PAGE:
ST. PETERSBURG, Fla.— Conservation groups sued the U.S. Fish and Wildlife Service today to push the agency to protect endangered Florida bonneted bats by designating lifesaving critical habitat. The bats face devastating habitat loss from sea-level rise and urban sprawl.
“The Service needs to protect the bats’ remaining habitat immediately for them to have any chance at survival,” said Ragan Whitlock, a Florida-based attorney at the Center for Biological Diversity. “To save endangered species, we have to protect the places where they live and forage. Protecting these bats’ home is long overdue.”
Development and pesticide use nearly drove Florida bonneted bats to extinction before litigation filed by the Center compelled the Service to protect the bat under the Endangered Species Act in 2013. Conservation groups again sued in 2018, pushing the Service to propose 1.5 million acres of critical habitat for the bats in 2020. But the Service has still not published a final critical habitat determination.
Today’s lawsuit was filed by the Center, the Miami Blue Chapter of the North American Butterfly Association, and Tropical Audubon Society. It was was filed in U.S. District Court for the Southern District of Florida.
“It’s time for the Service to do its job,” said Dennis Olle, president of the Miami Blue Chapter of the North American Butterfly Association. “It is unfortunate that we have to resort to litigation to force the Service to do its statutory duty to protect this exceedingly rare species.”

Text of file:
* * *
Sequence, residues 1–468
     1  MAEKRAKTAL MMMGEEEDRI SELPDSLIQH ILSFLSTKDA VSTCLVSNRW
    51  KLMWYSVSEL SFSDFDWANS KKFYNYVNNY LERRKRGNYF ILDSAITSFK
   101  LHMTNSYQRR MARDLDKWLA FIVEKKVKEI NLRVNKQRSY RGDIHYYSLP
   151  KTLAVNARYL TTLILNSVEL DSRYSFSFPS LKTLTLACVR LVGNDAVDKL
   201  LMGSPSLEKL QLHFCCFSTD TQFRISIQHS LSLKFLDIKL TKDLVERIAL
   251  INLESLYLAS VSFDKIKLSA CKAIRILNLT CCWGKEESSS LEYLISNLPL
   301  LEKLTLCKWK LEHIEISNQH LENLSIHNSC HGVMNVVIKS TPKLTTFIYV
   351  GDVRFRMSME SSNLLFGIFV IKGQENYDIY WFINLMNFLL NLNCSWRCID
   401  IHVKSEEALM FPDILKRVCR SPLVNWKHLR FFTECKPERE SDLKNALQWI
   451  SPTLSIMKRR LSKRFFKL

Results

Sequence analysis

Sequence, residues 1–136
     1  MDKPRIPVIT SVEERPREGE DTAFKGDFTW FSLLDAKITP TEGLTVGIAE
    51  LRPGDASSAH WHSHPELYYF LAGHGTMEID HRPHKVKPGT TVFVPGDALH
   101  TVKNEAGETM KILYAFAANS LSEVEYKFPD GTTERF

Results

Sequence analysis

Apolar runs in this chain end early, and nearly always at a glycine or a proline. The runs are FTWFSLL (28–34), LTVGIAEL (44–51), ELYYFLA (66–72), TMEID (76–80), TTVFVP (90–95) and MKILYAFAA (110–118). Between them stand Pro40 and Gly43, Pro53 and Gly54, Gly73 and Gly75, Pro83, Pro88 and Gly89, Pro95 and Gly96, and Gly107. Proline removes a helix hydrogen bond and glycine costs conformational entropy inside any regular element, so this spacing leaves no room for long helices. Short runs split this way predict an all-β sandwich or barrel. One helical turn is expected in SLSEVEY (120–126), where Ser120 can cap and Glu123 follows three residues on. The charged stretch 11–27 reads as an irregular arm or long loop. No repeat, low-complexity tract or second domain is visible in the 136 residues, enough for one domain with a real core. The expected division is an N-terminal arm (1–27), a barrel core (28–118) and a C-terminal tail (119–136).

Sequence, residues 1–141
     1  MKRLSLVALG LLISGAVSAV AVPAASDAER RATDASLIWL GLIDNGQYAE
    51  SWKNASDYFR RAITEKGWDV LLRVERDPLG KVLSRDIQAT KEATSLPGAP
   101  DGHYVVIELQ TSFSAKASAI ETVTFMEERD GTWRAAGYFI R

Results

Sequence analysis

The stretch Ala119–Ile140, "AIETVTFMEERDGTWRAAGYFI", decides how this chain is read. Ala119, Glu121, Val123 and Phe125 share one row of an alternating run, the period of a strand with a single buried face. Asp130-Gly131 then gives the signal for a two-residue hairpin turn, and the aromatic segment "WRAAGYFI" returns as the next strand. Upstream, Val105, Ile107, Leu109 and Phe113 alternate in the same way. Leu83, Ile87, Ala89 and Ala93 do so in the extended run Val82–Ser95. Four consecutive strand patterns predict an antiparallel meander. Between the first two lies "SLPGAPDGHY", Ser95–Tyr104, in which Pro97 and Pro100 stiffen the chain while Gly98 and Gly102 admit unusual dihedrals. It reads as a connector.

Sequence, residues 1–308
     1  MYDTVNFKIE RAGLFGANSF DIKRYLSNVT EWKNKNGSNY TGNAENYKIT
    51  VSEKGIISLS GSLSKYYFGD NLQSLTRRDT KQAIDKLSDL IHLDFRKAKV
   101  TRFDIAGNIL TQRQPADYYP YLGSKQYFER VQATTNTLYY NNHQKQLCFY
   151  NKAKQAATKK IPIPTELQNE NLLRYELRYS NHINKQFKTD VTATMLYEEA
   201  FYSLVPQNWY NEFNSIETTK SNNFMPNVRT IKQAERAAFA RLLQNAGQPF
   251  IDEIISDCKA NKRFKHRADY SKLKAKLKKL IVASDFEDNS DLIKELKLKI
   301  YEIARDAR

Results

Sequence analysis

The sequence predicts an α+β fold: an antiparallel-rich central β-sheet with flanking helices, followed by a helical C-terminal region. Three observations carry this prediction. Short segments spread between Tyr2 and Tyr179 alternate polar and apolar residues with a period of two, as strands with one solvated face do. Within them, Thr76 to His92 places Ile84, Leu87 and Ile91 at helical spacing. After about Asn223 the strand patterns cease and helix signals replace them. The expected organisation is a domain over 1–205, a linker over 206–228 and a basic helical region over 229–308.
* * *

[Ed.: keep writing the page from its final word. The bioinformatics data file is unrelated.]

“The Florida bonneted bat is one of the most critically endangered mammal species in North America,” notes Lauren Jonaitis, Tropical Audubon Society senior conservation director. “The most effective way to protect this unique South Florida species is to designate critical habitat, which is long overdue. Filing this lawsuit honors our organization’s legacy as ‘South Florida’s Voice of Conservation.’ Protecting habitat for the Florida bonneted bat will support the conservation movements of important bird species and other imperiled wildlife.”
Animals with federally protected critical habitat are more than twice as likely to be moving toward recovery than species without it. Federal agencies that fund or permit projects in critical habitat are required to consult with the Service to ensure this habitat is not harmed or destroyed by their actions.
Florida bonneted bats have one of the smallest ranges of any bat species, living only in South Florida — an area that’s highly susceptible to rising sea levels and development. Projections indicate that sea level will rise between 3 and 6 feet within much of the bats’ habitat over the course of this century. The bats are the largest found in the state and get their common name from the broad ears that extend over their foreheads like bonnets.